Are Your Working for a Paycheck or a Purpose?

by Jessica Sommerfield · 0 comments

It seems like there is increasing pressure, in the present economy, to do whatever it takes to secure a good income.  I’m not talking about the need to be willing to take whatever work you can find until the job you want opens up; that’s just survival. After all, everyone needs to be able to pay the bills. No, the disturbing trend is that more and more individuals are pursuing training and even going into debt for education that will qualify them for high-paying jobs they don’t really enjoy.

Your career is one of the choices you make that affects every aspect of your life, so it’s important to put a lot of thought into it. If you surf the Web, there is plenty of information about what are considered the top-paying jobs, and which career fields are growing. Although salary and job stability are definitely important factors when making a career choice, they are not the most important ones. Have you ever asked yourself whether you actually like your job? Does it provide you with a sense of fulfillment? There are, admittedly, situations and circumstances that may limit what you can choose to do for a living: a lack of education or training, a family to support on one income, obligations that prevent you from attending college, a disability, or your location, to name a few.  But what if you had no such limitations? What job would you choose?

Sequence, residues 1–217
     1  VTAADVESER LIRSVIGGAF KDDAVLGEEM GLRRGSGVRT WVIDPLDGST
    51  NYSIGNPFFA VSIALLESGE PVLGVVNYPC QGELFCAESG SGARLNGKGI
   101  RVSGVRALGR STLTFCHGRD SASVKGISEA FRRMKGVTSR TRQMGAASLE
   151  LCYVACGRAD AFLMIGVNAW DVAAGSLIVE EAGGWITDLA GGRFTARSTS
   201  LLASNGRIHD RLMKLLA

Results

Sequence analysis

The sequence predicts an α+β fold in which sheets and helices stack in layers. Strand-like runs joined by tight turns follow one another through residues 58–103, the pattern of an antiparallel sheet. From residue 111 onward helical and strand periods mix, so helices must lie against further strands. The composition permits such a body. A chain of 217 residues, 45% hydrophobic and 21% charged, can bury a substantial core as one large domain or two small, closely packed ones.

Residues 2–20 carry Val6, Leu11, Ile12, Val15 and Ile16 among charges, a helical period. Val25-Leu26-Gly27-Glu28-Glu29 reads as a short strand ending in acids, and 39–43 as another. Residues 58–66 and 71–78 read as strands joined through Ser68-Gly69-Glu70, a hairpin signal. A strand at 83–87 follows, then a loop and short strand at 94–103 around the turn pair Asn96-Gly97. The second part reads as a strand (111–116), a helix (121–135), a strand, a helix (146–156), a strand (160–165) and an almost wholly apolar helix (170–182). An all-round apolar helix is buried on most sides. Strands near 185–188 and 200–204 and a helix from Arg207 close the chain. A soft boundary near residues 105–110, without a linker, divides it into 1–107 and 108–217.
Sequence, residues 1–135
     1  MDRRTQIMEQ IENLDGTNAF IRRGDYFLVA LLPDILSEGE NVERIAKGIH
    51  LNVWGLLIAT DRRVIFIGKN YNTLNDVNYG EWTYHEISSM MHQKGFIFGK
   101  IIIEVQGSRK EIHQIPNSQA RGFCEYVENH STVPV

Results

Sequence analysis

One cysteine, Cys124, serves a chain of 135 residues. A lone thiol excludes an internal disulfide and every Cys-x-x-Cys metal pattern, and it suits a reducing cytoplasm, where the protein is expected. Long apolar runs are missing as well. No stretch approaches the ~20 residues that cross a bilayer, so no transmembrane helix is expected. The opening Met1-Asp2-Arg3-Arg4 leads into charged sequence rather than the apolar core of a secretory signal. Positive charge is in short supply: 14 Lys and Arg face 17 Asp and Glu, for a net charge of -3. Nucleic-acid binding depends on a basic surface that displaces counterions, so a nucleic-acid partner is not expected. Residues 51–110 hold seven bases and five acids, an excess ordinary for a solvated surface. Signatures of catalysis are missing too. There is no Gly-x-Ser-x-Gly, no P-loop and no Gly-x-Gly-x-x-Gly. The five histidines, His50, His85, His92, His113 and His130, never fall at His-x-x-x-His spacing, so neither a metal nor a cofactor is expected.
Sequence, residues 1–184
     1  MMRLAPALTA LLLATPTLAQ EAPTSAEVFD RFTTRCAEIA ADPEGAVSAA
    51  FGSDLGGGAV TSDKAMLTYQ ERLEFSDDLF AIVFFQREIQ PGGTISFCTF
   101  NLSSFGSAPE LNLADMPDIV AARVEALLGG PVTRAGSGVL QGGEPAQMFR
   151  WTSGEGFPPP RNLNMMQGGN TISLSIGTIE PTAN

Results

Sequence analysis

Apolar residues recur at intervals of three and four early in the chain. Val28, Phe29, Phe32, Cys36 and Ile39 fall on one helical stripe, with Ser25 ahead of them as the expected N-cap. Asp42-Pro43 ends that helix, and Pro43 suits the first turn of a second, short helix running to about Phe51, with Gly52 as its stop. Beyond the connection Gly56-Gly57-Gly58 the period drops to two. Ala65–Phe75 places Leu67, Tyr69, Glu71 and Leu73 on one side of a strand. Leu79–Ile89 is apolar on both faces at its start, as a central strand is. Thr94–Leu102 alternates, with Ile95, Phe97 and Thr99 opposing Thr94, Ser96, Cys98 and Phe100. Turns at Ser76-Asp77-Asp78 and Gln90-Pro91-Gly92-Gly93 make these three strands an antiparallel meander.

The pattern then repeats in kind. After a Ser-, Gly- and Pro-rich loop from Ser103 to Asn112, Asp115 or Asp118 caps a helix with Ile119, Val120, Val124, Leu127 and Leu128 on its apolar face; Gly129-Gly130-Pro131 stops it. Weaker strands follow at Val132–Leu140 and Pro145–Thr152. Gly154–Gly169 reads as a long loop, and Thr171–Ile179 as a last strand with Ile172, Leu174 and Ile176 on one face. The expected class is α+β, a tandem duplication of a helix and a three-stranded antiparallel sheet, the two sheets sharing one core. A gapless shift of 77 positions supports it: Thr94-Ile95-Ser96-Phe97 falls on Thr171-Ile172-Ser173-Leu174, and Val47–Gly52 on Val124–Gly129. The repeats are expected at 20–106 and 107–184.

I am noticing a lot of young people going to college for careers that pay extremely well, but that they don’t enjoy. Medical professions  are very honorable, but how many people choose them for the six figure salary and not out of altruistic  motives, or any interest in medicine? Those who choose careers they don’t enjoy in some aspect are getting paid to be miserable, bored, or indifferent. And, since we know that money can’t buy happiness, where does their happiness come from? Certainly not from their job.

Of course, your career isn’t  your entire life; it’s just what you do for a living, right? Considering that most people spend forty or more hours a week and at least one third of each day at their job, the career you choose takes up a considerable amount of your life. The income from your job may enable you to do things you wouldn’t otherwise be able to, but sometimes at the expense of doing the things you’d prefer to be doing. There’s a common concept that working isn’t supposed to be fun or enjoyable; it’s work, an obligation, a chore. There is no doubt we were designed for work. Just look at some retirees who are starting new businesses after a lifetime of working, and you’ll see the proof. We need to be doing something.  The important distinction I’m making is the difference between working for a paycheck and working for a purpose.

In the job markets of the modern world, there may not be the ‘perfect’ job that fulfills your income requirements while enabling you to utilize your passion and purpose. But you can make it your goal to get as close as possible, instead of focusing merely on numbers. At the end of your life, you’ll look back and feel content with having fulfilled your calling and pursued your dreams, or you’ll regret all the hours wasted in drudgery for a paycheck that will not outlive you.  So here are some things to think about:

  • Do you enjoy what you do for a living?
  • Is there something you’d enjoy more?
  • What are the obstacles keeping you from doing that, and are they able to be overcome?
  • What excuses are you using for not pursuing your dreams? Are they superficial?
  • What can you do today to better fulfill your purpose or at least set things in motion?

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